Blood Royal: A True Tale Of Crime And Detection In Medieval Paris, by Eric Jager
This book is a fascinating example of crime detection in the early modern period, and a reminder that even in ages where torture was common and the ability to gather physical evidence was limited, there was still the possibility of using clues to solve crimes and still a great risk to oneself in solving them. This book deals with an example of crime detection where the hardest aspect was not in figuring out who was guilty and what the motive was, per se, but in bringing the killer to justice. It has often been the case that the wheels of justice turn slowly when those who behave corruptly and wickedly are powers in high places, and this book deals not only with the forensics of solving crime and the personalities involved in the crime and its solving, but also with the political repercussions that resulted from it. The author, a writer I am in general unfamiliar with, has done a good job at handling the various threads of this book, including the true crime angle as well as the historical interest of the case and those who were involved in it, and if the case is solved, the ending is not a happy one for most of the people involved.
This book is about 250 pages long and is divided into fifteen chapters. The book begins with an introduction that discusses the way that this crime and its investigation was preserved but forgotten for generations until a large manuscript was found showing the report of the investigation. After that the author focuses attention on the detective who solved the titular brutal murder (1) as well as his home (2), the victim and his large number of enemies (3), and the place where the murderers hid out and planned their foul deed (4). There is then a look at the cold, dark night when the murder occurred (5), the post-mortem that followed (6), and the mass for the dead that was held (7). There is a discussion of the inquiry that took place (8), and a break in the case that came about after discussions with a great many witnesses (9), as well as the rival dukes whose hatred led to near disaster for France (10). This leads to a discussion of the confession of one of the Dukes to the murder (11), his justification of the murder as a case of tyrannicide (12), and the fact that it was the detective himself who was forced into a humiliating Amende Honorable (13), while France fell into a civil war (14), and the detective, now sacked, and a great many other French notables fell against the English at Agincourt (15), after which the book ends with a melancholy epilogue, a note on the depositions, acknowledgements, notes, sources, illustration and photograph credits, and an index.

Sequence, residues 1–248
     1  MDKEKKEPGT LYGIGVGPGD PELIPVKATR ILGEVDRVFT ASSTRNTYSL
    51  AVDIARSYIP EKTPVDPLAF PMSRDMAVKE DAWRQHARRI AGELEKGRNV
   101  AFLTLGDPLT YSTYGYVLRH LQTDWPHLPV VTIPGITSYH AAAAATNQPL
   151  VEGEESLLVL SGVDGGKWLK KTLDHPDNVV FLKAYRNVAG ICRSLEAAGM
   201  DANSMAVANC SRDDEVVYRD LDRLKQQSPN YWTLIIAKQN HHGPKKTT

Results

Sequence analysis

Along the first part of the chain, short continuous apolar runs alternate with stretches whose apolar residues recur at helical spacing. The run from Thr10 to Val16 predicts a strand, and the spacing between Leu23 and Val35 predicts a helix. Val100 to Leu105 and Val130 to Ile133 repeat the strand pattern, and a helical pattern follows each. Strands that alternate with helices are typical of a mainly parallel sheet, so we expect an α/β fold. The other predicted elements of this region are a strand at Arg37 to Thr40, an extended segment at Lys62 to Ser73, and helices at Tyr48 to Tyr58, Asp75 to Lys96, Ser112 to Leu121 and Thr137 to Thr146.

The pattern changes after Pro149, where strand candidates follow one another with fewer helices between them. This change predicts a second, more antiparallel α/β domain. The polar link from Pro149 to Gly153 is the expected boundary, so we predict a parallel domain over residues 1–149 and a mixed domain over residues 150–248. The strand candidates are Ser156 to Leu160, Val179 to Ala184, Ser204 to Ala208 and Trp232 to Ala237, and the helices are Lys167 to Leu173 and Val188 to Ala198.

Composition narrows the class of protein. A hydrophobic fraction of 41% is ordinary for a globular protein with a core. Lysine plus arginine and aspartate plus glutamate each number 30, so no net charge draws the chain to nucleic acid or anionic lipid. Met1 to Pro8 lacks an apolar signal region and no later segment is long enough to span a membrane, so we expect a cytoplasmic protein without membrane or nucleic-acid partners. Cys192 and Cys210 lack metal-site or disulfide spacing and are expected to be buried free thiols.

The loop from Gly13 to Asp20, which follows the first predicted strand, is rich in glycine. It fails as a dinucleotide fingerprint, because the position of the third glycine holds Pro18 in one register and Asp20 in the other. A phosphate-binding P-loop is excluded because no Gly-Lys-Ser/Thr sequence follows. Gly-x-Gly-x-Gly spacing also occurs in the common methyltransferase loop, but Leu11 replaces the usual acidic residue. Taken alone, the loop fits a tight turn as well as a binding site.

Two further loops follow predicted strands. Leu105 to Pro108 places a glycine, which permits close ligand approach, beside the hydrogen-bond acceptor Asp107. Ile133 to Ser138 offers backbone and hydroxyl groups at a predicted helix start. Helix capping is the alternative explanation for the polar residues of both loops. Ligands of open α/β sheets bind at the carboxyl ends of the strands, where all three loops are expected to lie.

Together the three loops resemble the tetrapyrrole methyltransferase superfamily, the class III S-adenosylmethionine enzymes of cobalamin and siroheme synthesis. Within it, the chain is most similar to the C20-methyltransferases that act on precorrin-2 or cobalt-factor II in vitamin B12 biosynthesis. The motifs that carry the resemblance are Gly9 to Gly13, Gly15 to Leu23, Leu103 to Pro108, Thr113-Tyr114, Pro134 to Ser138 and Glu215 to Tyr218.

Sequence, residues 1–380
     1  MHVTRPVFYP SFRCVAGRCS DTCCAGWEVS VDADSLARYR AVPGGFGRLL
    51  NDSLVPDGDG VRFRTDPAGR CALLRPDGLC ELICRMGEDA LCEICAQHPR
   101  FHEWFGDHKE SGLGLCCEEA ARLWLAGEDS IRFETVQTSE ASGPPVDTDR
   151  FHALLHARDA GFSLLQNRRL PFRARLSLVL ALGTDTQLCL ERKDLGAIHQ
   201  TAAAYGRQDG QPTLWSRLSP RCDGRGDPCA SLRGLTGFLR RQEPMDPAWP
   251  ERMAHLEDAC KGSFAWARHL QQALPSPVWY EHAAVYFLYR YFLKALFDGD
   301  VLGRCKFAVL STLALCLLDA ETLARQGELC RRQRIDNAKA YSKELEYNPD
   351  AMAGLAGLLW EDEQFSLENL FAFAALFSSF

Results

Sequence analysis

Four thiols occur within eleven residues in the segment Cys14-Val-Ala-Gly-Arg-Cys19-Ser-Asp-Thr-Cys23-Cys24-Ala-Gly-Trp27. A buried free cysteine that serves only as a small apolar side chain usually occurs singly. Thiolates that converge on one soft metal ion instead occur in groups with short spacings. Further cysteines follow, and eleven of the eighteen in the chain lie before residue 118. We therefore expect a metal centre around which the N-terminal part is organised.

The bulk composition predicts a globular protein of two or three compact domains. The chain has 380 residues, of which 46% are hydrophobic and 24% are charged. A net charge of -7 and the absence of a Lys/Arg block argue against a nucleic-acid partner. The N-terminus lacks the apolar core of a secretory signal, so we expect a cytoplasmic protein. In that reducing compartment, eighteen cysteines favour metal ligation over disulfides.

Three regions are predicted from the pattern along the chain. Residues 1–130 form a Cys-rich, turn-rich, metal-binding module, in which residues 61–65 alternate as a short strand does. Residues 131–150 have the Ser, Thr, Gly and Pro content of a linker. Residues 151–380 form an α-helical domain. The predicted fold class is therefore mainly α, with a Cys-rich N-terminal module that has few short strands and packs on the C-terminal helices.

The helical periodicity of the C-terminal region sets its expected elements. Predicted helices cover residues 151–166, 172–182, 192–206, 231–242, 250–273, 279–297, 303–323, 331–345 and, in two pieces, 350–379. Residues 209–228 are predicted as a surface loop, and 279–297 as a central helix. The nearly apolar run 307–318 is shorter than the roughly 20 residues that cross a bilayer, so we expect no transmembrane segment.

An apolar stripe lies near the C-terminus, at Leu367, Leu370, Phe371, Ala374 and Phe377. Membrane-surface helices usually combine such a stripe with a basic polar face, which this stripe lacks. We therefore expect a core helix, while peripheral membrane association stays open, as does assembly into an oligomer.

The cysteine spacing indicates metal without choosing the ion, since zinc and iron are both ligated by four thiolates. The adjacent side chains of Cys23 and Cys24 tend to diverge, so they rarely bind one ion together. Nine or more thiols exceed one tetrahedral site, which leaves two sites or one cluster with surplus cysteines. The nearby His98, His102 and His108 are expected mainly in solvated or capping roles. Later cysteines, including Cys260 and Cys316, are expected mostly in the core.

The book’s title itself gives a double clue to the book’s content, in that both the victim of the true crime and the mastermind of the murder are themselves of blood royal, and the author’s demonstration of how the case was solved and then the repercussions of the case given the continuing insanity of France’s king and the ineffectiveness of the French government in being able to manage issues of justice and governance, especially as the victim had been the regent for the kingdom. The failure of the French royal family to sort its own business in an effective manner led to some serious consequences in the near fall of France to the English during the Hundred Years War. And the author not only talks about the crime and its consequences in terms of the justice system of early fifteenth century France, but also about the consequences of the governance on the well-being of France as a whole, and that is a compelling story even if it is a deeply sad one and one that caused a lot of problems.